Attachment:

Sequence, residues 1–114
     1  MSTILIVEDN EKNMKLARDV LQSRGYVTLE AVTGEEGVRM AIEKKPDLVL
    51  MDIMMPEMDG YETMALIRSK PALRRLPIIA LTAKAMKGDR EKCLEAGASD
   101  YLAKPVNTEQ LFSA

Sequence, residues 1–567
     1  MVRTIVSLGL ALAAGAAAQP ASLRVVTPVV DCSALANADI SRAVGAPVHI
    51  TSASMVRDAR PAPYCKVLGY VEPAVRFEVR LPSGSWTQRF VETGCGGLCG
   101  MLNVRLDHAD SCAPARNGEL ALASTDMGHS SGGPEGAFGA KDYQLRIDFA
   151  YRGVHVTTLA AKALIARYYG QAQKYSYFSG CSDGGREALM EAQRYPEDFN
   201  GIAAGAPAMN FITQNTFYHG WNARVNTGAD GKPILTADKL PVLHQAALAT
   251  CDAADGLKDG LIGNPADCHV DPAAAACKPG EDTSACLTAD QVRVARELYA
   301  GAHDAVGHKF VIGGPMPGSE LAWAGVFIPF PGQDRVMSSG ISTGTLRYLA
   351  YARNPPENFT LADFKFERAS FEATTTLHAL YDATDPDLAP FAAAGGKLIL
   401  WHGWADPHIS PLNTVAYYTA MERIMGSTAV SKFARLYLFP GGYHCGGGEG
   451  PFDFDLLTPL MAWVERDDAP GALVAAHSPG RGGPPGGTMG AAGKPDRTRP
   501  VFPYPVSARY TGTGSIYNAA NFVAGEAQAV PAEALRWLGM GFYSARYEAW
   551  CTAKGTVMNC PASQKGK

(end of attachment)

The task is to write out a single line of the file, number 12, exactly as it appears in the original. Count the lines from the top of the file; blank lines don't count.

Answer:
   301  GAHDAVGHKF VIGGPMPGSE LAWAGVFIPF PGQDRVMSSG ISTGTLRYLA